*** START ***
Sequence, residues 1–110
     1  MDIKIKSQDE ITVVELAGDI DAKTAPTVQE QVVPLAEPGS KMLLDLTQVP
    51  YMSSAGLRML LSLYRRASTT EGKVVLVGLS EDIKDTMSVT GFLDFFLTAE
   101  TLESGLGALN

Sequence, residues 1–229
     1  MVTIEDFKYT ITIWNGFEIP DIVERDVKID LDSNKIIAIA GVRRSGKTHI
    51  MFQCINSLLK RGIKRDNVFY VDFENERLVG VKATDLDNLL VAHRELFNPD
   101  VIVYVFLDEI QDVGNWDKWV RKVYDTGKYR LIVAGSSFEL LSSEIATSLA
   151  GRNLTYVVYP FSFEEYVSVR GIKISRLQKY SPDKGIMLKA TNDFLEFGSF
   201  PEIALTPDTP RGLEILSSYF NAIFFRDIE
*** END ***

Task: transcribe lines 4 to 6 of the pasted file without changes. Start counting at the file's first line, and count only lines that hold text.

   101  TLESGLGALN

Sequence, residues 1–229
     1  MVTIEDFKYT ITIWNGFEIP DIVERDVKID LDSNKIIAIA GVRRSGKTHI